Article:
Photo gallery: BrahMos, India's most lethal supersonic cruise missile

BrahMos is the first known supersonic missile in service anywhere in the world and can be launched from the ground, air, ship and submarine.   

Jul 23, 2018, 15:27 PM IST

BrahMos is the first known supersonic missile in service anywhere in the world and can be launched from the ground, air, ship and submarine. 
 

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BrahMos - one of the most lethal and accurate supersonic cruise missiles in the world

BrahMos, an India-Russia joint venture and deriving its name from the Brahmaputra and Moskva rivers, is one of the most lethal and accurate supersonic cruise missiles in the world today. BrahMos is a short-range, ramjet-powered, single warhead cruise missile with a range of 300-500 kilometres and a speed of Mach 2.0-2.8. BrahMos, which is the first known supersonic missile in service anywhere in the world, can be launched from the ground, air, ship and submarine which makes it one of the most versatile weapons in the world. BrahMos Block I missiles have been in service with the Indian Army from 2007. BrahMos Block II version with supersonic steep dive capability to hit targets hidden in mountains and valleys have also entered service.   

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BrahMos is "Fire and Forget" with a cruising altitude of up to 15 km

BrahMos is "Fire and Forget" with a cruising altitude of up to 15 km and its terminal altitude can be a low as 10 metres. The missile is 8-8-2 metres long, 0.67 metres wide and has a launch weight of 2,200-3,000 kilogrammes. BrahMos can carry a warhead of 200-300 kg which can be either semi-armor-piercing warhead or submunitions. The missile has two stages with the first stage being powered by a solid propellant boost motor with a liquid-fueled ramjet sustainer motor in the second stage. The missile has a range of 300-500 km depending on the variant and launch platform, while the export version has a range of 290 km. BrahMos also has stealth capabilities which coupled with his supersonic speed makes it virtually impossible for radars to detect it. BrahMos uses Inertial Navigation System (INS) for targeting ships while land targets are mapped and hit using INS/Global Positioning System.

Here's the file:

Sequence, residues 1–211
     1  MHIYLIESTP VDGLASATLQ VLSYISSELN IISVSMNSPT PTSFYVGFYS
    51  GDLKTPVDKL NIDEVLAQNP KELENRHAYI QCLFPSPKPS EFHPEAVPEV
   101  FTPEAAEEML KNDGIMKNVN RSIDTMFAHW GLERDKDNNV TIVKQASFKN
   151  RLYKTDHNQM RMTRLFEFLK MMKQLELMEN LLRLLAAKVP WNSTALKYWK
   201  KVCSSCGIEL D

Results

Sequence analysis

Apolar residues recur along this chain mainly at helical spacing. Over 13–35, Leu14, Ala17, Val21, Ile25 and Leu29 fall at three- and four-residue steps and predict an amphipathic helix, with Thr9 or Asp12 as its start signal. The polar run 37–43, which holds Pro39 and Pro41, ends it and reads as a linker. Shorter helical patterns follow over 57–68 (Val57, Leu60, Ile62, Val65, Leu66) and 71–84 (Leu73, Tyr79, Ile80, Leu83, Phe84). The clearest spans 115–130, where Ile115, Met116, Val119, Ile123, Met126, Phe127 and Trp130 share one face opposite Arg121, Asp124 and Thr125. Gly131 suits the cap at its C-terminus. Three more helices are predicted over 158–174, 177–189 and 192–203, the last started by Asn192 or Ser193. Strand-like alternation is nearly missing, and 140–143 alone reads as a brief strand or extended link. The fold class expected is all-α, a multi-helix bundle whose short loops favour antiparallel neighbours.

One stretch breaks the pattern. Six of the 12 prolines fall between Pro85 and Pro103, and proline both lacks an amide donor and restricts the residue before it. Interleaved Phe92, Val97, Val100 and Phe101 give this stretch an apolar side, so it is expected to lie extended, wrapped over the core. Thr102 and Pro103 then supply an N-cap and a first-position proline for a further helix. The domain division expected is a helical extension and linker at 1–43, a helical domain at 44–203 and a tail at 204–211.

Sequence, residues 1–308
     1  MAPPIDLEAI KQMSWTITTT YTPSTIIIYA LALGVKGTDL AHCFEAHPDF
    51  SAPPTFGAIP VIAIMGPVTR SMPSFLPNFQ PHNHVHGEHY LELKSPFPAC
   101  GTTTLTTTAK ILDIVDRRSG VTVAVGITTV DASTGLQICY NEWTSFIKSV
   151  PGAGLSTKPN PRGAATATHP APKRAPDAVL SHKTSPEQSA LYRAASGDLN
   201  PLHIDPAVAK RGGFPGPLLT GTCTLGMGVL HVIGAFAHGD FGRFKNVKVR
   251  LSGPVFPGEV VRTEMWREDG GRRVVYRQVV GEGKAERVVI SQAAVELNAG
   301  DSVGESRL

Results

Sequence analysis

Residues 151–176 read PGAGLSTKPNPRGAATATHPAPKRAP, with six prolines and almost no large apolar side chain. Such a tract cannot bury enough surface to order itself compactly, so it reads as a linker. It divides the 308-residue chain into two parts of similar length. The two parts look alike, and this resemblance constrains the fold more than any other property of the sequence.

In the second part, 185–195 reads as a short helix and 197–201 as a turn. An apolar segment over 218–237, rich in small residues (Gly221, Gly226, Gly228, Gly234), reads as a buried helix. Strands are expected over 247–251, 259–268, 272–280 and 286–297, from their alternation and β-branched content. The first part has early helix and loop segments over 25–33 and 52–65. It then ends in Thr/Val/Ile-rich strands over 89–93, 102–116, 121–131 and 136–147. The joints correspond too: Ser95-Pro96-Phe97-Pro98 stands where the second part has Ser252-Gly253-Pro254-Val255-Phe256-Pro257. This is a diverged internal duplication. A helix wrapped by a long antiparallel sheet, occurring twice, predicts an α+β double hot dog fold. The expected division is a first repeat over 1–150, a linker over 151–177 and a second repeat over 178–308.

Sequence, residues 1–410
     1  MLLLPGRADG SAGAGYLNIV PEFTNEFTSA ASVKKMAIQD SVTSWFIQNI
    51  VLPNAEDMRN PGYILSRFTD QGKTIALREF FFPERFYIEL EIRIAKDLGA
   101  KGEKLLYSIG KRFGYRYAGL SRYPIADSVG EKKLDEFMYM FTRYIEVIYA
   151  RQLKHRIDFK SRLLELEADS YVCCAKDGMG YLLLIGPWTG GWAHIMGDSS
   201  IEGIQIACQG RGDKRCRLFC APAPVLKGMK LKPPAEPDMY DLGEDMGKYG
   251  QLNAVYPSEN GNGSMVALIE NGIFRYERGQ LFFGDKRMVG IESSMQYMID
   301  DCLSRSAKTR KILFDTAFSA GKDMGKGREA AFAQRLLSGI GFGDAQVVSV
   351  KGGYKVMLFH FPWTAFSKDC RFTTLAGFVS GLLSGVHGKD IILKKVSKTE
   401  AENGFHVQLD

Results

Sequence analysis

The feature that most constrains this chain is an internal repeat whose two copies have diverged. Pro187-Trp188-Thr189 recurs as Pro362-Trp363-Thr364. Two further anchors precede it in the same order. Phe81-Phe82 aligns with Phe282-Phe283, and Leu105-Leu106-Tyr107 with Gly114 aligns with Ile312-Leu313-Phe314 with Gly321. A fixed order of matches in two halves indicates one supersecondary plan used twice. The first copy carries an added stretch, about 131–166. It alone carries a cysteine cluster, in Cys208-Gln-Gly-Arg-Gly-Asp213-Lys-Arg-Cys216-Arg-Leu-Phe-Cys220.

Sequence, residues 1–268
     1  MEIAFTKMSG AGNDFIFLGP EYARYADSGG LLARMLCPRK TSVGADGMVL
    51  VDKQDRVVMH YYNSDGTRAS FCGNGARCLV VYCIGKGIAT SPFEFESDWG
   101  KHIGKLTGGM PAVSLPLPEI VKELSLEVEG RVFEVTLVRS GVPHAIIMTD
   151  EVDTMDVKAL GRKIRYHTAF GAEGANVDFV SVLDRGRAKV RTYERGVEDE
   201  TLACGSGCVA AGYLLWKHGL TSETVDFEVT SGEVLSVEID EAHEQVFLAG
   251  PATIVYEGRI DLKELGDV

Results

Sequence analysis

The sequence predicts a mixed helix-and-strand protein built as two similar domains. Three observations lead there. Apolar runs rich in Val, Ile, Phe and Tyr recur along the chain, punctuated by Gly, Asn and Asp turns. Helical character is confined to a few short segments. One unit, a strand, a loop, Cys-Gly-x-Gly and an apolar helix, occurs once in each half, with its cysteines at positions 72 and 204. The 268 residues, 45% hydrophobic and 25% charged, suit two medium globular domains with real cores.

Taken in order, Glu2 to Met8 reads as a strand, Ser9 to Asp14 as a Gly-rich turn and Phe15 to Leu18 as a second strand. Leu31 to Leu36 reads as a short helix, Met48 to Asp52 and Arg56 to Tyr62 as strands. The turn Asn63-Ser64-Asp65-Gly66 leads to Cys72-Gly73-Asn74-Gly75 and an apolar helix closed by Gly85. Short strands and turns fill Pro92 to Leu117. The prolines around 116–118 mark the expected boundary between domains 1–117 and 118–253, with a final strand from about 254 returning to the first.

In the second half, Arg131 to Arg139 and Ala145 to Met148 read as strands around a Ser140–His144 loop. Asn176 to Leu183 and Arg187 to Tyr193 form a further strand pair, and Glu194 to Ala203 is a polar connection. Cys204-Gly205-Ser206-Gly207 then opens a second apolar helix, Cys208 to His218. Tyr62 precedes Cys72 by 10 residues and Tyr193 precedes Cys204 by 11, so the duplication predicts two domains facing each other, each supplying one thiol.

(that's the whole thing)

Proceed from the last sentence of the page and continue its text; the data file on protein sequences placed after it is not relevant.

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BrahMos carries a 300 kg payload

The ship and ground-launched version of BrahMos is 8.2 m in length, diameter 0.67 m, carries a 300 kg payload, and has a launch weight of 3,000 kg. The air-launched version is 8.0 m in length, diameter 0.67 m, carries a 200 kg payload, and has a launch weight of 2,200 to 2,500 kg. All versions have four clipped tip delta wings at mid-body, with four small delta control fins at the rear.  

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India, Russia working on developing a hypersonic variant of Brahmos

BrahMos three times more velocity, 2.5 to 3 times more flight range, 3 to 4 times more seeker range and 9 times more kinetic energy than any existing state-of-the-art subsonic cruise missile. India and Russia are working on developing a hypersonic variant of Brahmos. which will use a scramjet engine. The hypersonic BrahMos will have a speed of more than Mach 5 and use a special new fuel.

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BrahMos missile was first brought in 2005

The Indian Navy inducted the first BrahMos missile in 2005 on INS Rajput, which was commissioned on September 30, 1980. The Indian Army has three regiments of BrahMos while the Indian Air Force is in the process of inducting the supersonic cruise missile after successfully test firing it from a Sukhoi SU 30MKI.

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BrahMos missile can be launched vertically from underwater

The ship-based missiles are in inclined and vertical configuration whereas the land-based weapon complex is in vertical launch configuration from mobile autonomous launcher. The cannisterised missile can be launched vertically from underwater and had been successfully tested from a submerged platform.

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BrahMos missiles can be fired in single or salvo of 2 to 3 seconds

The air-launched version is slightly lighter than the other versions and additional rear fins have been added for aerodynamic stability during separation from the aircraft. The missiles can be fired in single or salvo of 2 to 3 seconds within four minutes of receiving command. Depending on the input, it can fire towards a single or three different targets.  

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BrahMos can be launched from a submarine

BrahMos can be launched from a submarine from a depth of 40-50 metres. The canisterised missile is launched vertically, the nose cap prevents water from entering the 'air-intake' during the underwater flight. After the missile surfaces, the sensors provide the "out of water command" and the nose cap is fired for turning the missile in the desired direction to hit the target. 

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